Models and Scheduling Algorithms for Mixed Data and Task Parallel Programs

Chakrabarti, Soumen ; Demmel, James ; Yelick, Katherine (1997) Models and Scheduling Algorithms for Mixed Data and Task Parallel Programs Journal of Parallel and Distributed Computing, 47 (2). pp. 168-184. ISSN 07437315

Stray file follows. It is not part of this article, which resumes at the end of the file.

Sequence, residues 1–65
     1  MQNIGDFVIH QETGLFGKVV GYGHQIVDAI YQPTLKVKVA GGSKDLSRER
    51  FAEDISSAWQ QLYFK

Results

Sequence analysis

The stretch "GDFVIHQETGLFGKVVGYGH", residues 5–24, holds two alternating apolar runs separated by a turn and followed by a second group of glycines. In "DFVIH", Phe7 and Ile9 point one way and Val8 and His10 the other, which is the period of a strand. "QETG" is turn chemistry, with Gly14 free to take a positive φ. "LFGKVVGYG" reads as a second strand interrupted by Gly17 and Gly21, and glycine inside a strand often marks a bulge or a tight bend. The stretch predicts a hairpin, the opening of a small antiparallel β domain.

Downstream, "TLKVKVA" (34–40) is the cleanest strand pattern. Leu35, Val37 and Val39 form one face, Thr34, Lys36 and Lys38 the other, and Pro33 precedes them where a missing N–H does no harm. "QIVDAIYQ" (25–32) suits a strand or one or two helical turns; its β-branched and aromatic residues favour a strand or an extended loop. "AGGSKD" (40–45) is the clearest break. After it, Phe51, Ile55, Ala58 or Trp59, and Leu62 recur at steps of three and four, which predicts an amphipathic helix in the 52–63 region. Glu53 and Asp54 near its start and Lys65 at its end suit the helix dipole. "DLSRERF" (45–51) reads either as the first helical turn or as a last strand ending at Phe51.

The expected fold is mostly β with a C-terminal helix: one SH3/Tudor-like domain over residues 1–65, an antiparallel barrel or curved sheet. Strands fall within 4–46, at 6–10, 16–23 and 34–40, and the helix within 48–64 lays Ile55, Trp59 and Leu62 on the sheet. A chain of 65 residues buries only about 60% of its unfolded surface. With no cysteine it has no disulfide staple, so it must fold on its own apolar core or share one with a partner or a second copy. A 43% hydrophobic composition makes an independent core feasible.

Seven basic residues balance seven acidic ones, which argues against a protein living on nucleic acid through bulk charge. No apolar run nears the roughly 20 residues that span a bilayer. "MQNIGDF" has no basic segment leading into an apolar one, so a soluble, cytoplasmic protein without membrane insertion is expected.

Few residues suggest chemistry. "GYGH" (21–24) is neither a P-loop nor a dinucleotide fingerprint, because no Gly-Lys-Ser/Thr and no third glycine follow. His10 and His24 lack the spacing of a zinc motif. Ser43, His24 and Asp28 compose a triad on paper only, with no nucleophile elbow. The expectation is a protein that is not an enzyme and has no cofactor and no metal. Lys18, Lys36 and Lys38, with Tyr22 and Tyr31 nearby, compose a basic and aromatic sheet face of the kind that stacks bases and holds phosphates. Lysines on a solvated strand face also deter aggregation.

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An increasing number of scientific programs exhibit two forms of parallelism, often in a nested fashion. At the outer level, the application comprises coarse-grained task parallelism, with dependencies between tasks reflected by an acyclic graph. At the inner level, each node of the graph is a data-parallel operation on arrays. Designers of languages, compilers, and runtime systems are building mechanisms to support such applications by providing processor groups and array remapping capabilities. In this paper we explore how to supplement these mechanisms with policy. What properties of an application, its data size, and the parallel machine determine the maximum potential gains from using both kinds of parallelism? It turns out that large gains can be expected only for specific task graph structures. For such applications, what are practical and effective ways to allocate processors to the nodes of the task graph? In principle one could solve the NP-complete problem of finding the best possible allocation of arbitrary processor subsets to nodes in the task graph. Instead of this, our analysis and simulations show that a simpleswitchedscheduling paradigm, which alternates between pure task and pure data parallelism, provides nearly optimal performance for the task graphs considered here. Furthermore, our scheme is much simpler to implement, has less overhead than the optimal allocation, and would be attractive even if the optimal allocation was free to compute. To evaluate switching in real applications, we implemented a switching task scheduler in the parallel numerical library ScaLAPACK and used it in a nonsymmetric eigenvalue program. Even for fairly large input sizes, the efficiency improves by factors of 1.5 on the Intel Paragon and 2.5 on the IBM SP-2. The remapping and scheduling overhead is negligible, between 0.5 and 5%.

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